Anthony's Appraisal Blog


not legal document

Many appraisal clients automatically think that their appraisals are legal endeavors and the written reports they produce are considered legal documents. In the truest sense of the word, that is not correct, since legal documents are binding and enforceable by law. Examples of legal documents would be: a bill of sale, power of attorney, or a document of partnership dissolution which can be upheld in a court of law and is not subject to discussion or revision. Appraisals may be done for legal uses, but the actual report is no more legal than other personal statements. It is an informed judgment of an opinion of value, whether it is a specific amount, a range of numbers, or a relationship.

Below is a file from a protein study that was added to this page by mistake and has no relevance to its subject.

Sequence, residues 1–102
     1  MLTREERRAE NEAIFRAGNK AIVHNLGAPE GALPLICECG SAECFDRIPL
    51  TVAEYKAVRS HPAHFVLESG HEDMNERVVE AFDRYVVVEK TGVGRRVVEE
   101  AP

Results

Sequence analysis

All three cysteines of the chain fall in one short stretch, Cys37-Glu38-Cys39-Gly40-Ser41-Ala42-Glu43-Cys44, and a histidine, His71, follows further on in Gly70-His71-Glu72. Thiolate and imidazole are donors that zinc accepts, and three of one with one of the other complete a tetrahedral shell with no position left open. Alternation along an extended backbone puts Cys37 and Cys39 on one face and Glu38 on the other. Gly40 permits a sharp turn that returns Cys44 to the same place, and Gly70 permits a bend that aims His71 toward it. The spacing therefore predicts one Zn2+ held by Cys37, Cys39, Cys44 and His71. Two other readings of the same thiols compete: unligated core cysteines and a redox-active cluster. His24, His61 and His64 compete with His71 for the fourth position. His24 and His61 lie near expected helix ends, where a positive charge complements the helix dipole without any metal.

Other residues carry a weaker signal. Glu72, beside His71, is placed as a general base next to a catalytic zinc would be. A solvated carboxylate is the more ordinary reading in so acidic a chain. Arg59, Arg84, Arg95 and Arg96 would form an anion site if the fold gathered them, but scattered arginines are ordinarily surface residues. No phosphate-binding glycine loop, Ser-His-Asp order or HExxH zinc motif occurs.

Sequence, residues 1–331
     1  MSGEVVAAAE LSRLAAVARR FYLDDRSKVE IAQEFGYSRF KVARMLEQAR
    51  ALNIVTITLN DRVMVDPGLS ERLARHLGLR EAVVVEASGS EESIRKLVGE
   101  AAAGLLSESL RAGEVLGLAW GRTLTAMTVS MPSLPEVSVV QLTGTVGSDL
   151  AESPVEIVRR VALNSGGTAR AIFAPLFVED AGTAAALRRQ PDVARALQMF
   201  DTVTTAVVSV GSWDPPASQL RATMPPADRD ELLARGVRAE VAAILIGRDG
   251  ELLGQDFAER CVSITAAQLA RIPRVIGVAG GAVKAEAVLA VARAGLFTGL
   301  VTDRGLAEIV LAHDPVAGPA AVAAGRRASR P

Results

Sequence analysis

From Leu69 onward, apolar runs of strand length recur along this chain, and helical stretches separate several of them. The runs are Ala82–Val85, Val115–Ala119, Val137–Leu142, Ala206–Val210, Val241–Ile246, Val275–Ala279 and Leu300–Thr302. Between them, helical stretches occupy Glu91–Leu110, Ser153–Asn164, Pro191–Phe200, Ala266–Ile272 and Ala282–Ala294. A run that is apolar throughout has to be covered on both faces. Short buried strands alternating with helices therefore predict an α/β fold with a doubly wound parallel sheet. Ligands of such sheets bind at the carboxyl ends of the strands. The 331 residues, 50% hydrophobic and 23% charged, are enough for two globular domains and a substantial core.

The strength or weight of the opinion rests on the evidence that supports it. Within his appraisal, a qualified appraiser sets forth a document with believable and justified reasoning. Even though an appraisal report is not a legal document, clients might depend on them for legal functions. A divorce appraisal may provide equal compensation to property once held jointly. An estate appraisal may be utilized by the IRS to determine the amount of tax due to the government. An insurance appraisal may trigger a premium amount to cover valuable property in the event of a loss. A qualified appraiser should establish the strongest value or cost opinion based on available evidence. It should be relevant, documented, and compelling. Even though it is not a legal document, it may serve a very legal purpose.


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